The three daughters represent different aspect of the perfectionist neurosis. The oldest (Diane Keaton) is a well-known poet, determined, discontented, struggling with words while unconscious of her drives; the middle one (Kristin Griffith) is a TV actress, dissatisfied with her success, and snorting cocaine; the youngest (Mary Beth Hurt), who looks like a perennial student, rejects sham and flails around, unable to find herself. In plays, the youngest is generally the one who represents the author, and whenever you see a character who's stubbornly honest you know that you're seeing the author's idealized version of some part of himself.
With Mary Beth Hurt, if you have any doubts all you have to do is look at how she's dressed. (You'll also notice that she gets the worst — the most gnomic — lines, such as, "At the center of a sick psyche there is a sick spirit." Huh?). She's unsmiling — almost expressionless — closed in, with specs, hair like shiny armor (it says hands off), and schoolgirl blouses and skirts. She's like a glumly serious postulant, and so honest she won't dress up; determined not to be false to her feelings she actuallys dresses down for her father's wedding to the "vulgarian," as she calls her. (She's there under duress, and her clothes are an explicit protest.) She's the Cordelia, the father's favorite who refuses to lie, even to the mother, whom she alone in the family truly loves (she guiltily hates her, too).
The men's roles are relatively minor; Sam Waterston's part, though, is the only one that's unformed in the writing and doesn't quite fit in to the formal plan. Geraldine Page is playing neurosis incarnate, and the camera is too close to her, especially when her muscles collapse; this failure of discretion makes her performance seem abhorrent. But Maureen Stapleton livens things up with her rather crudely written role. Hers is the only role that isn't strictly thematic, and you can feel the audience awake for its torpor when she arrives on the scene and talks like a conventional stage character.
Diane Keaton does something very courageous for a rising star. She appears here with the dead-looking hair of someone who's too distracted to do anything with it but get a permanent, and her skin looks dry and pasty. There's discontent right in the flesh, while Kristin Griffith, the TV sexpot, appears with fluffy hair, blooming skin, and bright white teeth — the radiance that we normally see in Keaton. This physical transformation is the key to Keaton's thoughtful performance: she plays an unlikable woman -- a woman who dodges issues whenever she can, who may become almost as remote as her mother.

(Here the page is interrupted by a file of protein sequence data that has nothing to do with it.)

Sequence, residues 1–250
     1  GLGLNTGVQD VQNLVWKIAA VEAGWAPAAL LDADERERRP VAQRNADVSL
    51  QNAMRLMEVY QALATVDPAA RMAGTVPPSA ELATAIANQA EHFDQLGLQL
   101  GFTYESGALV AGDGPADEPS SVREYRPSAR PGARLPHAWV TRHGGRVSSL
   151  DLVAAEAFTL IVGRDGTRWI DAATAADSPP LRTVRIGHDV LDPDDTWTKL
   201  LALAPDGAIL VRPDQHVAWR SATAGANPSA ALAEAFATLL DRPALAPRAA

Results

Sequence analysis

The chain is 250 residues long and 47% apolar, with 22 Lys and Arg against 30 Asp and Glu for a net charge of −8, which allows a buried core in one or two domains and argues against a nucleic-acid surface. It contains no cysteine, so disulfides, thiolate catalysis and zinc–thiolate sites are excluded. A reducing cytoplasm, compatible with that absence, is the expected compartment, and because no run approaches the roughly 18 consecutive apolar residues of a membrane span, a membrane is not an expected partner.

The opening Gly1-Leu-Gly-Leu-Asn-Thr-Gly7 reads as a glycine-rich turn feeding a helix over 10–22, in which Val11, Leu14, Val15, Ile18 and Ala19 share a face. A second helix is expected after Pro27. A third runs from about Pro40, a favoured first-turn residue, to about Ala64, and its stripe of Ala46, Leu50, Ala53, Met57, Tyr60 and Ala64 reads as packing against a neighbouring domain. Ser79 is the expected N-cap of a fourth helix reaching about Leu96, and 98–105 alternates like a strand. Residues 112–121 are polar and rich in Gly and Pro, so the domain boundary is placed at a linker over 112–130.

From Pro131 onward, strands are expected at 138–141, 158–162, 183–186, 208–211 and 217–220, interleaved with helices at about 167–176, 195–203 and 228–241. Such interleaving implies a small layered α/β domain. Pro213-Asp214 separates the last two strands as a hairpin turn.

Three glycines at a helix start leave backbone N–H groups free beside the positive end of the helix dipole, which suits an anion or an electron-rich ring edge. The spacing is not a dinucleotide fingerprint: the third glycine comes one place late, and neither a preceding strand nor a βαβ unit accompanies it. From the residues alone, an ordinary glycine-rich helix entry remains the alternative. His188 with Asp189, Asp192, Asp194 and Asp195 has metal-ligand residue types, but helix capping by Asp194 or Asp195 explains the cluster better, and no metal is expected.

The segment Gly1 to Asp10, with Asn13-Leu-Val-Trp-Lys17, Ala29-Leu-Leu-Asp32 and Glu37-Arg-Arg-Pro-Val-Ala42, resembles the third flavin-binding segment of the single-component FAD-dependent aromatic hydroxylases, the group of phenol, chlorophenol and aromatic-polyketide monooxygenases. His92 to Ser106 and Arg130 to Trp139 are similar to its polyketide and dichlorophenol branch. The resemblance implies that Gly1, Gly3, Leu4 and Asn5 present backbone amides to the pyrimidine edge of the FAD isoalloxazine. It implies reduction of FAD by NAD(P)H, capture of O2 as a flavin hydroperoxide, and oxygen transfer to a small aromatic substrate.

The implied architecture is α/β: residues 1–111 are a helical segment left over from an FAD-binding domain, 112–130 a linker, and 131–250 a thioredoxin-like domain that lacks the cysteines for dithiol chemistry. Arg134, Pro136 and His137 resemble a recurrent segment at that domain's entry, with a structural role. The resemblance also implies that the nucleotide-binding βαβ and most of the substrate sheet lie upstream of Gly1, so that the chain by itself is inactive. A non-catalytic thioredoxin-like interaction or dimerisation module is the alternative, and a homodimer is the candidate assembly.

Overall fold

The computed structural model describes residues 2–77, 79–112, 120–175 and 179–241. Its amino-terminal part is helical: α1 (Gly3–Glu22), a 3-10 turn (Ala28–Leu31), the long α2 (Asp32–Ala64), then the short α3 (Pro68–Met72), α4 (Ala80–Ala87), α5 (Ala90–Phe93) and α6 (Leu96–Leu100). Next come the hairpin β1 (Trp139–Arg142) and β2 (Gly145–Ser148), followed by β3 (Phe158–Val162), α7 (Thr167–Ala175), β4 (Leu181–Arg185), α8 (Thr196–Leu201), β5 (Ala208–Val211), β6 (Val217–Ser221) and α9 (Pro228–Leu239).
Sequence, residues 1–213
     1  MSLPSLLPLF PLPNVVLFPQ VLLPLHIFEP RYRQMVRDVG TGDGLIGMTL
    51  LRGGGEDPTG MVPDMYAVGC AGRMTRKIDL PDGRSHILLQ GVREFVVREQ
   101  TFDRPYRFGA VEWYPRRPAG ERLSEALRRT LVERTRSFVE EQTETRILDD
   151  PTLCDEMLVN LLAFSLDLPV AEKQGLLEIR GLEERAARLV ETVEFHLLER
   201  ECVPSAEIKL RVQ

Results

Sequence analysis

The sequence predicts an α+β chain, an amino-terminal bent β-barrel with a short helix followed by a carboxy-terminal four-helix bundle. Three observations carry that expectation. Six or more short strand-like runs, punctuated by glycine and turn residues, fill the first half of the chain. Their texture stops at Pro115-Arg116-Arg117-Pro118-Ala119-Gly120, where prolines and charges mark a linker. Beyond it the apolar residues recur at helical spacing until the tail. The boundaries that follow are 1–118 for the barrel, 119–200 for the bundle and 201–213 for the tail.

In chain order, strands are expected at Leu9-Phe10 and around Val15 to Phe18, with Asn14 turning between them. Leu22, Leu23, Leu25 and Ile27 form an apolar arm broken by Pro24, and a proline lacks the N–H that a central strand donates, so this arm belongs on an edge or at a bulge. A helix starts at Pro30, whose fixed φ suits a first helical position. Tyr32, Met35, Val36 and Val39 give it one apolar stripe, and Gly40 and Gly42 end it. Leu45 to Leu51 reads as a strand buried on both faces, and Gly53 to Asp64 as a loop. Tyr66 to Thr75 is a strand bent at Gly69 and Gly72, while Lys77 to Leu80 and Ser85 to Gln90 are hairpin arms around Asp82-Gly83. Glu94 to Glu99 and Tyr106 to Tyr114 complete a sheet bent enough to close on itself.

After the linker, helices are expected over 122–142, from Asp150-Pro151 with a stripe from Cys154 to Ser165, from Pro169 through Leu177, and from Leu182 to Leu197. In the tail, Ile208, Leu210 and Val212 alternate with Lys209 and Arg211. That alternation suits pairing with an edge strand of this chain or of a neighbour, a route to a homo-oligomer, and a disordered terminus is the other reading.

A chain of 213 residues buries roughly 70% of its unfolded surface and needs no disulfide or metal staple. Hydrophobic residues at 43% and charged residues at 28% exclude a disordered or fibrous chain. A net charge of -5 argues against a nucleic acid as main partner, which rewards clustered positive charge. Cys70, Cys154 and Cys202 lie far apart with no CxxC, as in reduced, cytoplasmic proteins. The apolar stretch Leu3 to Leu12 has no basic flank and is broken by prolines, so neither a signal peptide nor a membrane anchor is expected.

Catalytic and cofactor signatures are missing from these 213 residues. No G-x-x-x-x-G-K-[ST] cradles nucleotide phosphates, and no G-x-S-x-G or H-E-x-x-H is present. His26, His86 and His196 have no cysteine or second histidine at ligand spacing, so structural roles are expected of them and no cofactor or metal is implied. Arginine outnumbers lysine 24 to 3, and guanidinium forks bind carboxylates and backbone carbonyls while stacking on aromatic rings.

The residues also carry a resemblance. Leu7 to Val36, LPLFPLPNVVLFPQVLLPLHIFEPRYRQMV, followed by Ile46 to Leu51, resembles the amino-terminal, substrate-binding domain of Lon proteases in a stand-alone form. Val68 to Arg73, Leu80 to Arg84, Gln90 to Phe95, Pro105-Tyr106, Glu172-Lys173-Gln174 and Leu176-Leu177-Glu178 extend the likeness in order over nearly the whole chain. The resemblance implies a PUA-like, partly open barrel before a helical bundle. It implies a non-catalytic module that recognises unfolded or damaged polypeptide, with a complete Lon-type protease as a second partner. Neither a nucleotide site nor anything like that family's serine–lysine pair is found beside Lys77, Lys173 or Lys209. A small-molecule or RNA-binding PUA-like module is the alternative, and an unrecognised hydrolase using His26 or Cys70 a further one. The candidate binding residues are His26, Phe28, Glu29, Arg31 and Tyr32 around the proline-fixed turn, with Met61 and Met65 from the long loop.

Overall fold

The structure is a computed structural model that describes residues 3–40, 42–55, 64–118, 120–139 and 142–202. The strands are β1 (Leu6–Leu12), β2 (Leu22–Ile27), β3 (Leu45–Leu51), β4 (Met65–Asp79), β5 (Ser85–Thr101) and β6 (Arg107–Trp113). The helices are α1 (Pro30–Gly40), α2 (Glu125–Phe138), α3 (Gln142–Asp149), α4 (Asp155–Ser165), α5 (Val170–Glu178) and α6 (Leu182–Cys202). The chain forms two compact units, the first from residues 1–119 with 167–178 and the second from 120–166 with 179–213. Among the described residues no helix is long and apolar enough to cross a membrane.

For Allen, who is a very conscious craftsman, it is surely no accident that the mother's impoverished conception of good taste is sustained in the style of the film. But what this correlation means to him isn't apparent. Interiors is a handbook of art-film mannerisms; it's so austere and studied that it might have been directed by that icy mother herself — from the grave.
The psychological hangups that come through are fascinating, but the actors' largo movements and stilted lines don't release this messy material, they repress it. After the life-affirming stepmother has come into the three daughters' lives and their mother is gone, they still, at the end, close ranks in a frieze-like formation. Their life-negating mother has got them forever. And her soul is in Woody Allen. He's still having his love affair with death, and his idea of artistic achievement (for himself, at least) may always be something death-ridden, spare, perfectly structured -- something that talks of the higher things.
(If this, his serious film, looks Gentile to people, that may be because for Woody Allen being Jewish, like being a comic, is fundamentally undignified. This film couldn't have had a Jewish-family atmosphere — his humor would have bubbled up.)
The form of this movie is false, yet it's the form that he believes in, and the form of Interiors is what leads people to acclaim it as a masterpiece.
People like Woody Allen for a lot of good reasons, and for one that may be a bummer: he conforms to their idea of what a Jew should be. He's a younger version of the wise, philosophic candy-store keeper in West Side Story. His good will is built partly on his being non-threatening. He's safe — the schlump who wins, without ever imposing himself. People feel comfortable with him; the comedy audience may even go to Interiors — to pay its respects to the serious Woody. Woody Allen's repressive kind of control — the source of their comfort — is just what may keep him from making great movies. Interiors isn't Gentile, but it is genteel. He's turned the fear of movies — which is the fear of being moved — into a form of intellectuality.
September 25th, 1978